With the grey clouds broiling overhead heralding the true onset of a wet Belfast winter, and even the hardiest of ‘fleg’ protestors scurrying for the comfort of the gluhwein tents in the nearby Christmas Market to which they so vehemently object, the the most diehard warriors from the city’s metal community, in its variant united shades, once more are huddled into the heat starved Limelight in search of an evening of quality metal to warm the cockles of their collective hearts… they are not disappointed!
This evening’s gig starts in somewhat unorthodox style, with a spoken word set from the legend-in-his-own-happy-hour that is ‘Chemical’ Ally Riplash, a man who quite possibly could single-handedly keep the Buckfast distillery in business for a whole 20 minutes, who regales early comers with stories of his mis-adventures following various bands across Europe, including narrowly missing getting arrested in Amsterdam by “playing the dumb tourist”, wrecking a band’s debut performance by mistaking their dressing room for a toilet and being awoken by a dog pissing on his face!
First band up are Owlcrusher, making a long-awaited return to live action: sludgier than a pig farmer’s boots, and more savage than a battle-hungry battalion of Uruk-Hai, they deliver a sound dragged from the darkest corners of Smaug’s smouldering heart which truly sets the pace for what is to come…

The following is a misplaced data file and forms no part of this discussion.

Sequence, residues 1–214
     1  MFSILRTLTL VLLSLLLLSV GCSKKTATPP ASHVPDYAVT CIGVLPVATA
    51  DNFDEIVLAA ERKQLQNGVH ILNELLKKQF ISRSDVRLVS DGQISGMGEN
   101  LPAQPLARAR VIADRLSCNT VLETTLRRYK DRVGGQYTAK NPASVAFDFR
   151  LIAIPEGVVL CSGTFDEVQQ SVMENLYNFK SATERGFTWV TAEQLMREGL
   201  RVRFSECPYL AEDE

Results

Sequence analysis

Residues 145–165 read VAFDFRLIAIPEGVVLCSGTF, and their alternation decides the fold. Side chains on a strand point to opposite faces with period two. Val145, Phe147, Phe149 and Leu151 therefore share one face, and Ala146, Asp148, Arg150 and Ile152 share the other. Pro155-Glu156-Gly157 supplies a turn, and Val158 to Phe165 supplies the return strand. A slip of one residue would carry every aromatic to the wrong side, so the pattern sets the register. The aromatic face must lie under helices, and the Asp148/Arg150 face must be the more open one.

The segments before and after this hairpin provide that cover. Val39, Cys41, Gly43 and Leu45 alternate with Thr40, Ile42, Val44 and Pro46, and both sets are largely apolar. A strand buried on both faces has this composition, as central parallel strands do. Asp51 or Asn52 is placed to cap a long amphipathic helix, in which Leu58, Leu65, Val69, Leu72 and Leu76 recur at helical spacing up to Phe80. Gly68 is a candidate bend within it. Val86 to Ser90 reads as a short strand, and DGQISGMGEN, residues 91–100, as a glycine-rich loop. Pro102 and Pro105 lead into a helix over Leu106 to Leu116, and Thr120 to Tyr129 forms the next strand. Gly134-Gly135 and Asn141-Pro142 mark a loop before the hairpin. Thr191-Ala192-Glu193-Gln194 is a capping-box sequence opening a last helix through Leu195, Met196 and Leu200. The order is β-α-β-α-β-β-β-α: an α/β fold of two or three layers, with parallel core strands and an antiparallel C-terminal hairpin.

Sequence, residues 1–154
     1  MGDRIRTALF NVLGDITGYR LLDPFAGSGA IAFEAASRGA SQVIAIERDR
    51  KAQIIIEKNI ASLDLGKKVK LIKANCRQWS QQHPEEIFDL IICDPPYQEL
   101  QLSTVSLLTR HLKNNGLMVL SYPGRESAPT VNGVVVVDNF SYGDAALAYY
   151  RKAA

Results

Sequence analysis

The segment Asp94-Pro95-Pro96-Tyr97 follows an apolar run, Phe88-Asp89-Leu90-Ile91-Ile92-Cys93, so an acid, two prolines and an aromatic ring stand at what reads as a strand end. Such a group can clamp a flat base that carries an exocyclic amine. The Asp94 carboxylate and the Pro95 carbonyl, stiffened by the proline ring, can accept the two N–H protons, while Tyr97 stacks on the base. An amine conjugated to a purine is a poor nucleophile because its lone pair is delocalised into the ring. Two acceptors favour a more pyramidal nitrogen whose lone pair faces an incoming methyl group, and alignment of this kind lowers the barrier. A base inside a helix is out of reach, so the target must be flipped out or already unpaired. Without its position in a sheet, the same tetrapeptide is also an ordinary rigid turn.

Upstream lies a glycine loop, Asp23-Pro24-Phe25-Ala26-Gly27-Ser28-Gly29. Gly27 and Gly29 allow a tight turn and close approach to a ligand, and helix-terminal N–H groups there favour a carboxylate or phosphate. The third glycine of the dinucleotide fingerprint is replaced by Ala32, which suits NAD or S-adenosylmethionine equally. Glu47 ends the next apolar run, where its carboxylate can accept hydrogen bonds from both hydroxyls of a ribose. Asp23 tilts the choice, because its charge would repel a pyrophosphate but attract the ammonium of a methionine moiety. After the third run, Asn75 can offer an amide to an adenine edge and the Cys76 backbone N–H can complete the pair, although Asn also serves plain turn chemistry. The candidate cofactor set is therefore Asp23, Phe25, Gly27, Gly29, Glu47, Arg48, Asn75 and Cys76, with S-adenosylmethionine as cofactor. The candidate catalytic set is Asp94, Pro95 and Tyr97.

Next up, Dublin-based multinational instrumentalists Cat Piss Brain Rot (definitely the band with the best name I have come across this year) seem somewhat aloof as they perform with their back to the audience: but, their dark, pulsating drone, ripped from a junkie’s nightmare and delivered with bass levels so dense you can feel your balls vibrate of their own accord and pray to be allowed to crawl back inside your scrotum, is fascinatingly and repulsively hypnotic.
Earlier this year, PM described Nomadic Rituals‘ debut album, ‘Holy Giants’, as “cathartic and repelling but at the same time strangely enervating”: catching up with the trio for the first time live, this initial aural experience is reinforced, as their brooding soundscapes are built on beautifully harmonic instrumental passages and their dank surrealism, despite its darkness, is heart-pumpingly invigorating.
Sceintists looking for the causes of recent meteorological phenomena such as Typoon Haiyan and the storms that lashed the east coast of England this past week would have been advised to set up their multi-various measuring instruments directly in front of the Limelight stage, as headliners War Iron brought this crushing bill to a suitably earthquake-inducing finale, with Richter Scale inducing double bass lines so heavy that if they’d have been loaded onto the Titanic she never would have made it out of Belfast Lough. Ironically, the band’s performance is loose and relaxed – with Dave in particular adopting an almost “Guitar Hero” attitude, with his head-flailing shredding stances – but nevertheless pummeling in its heaviness and brutal in it effectiveness.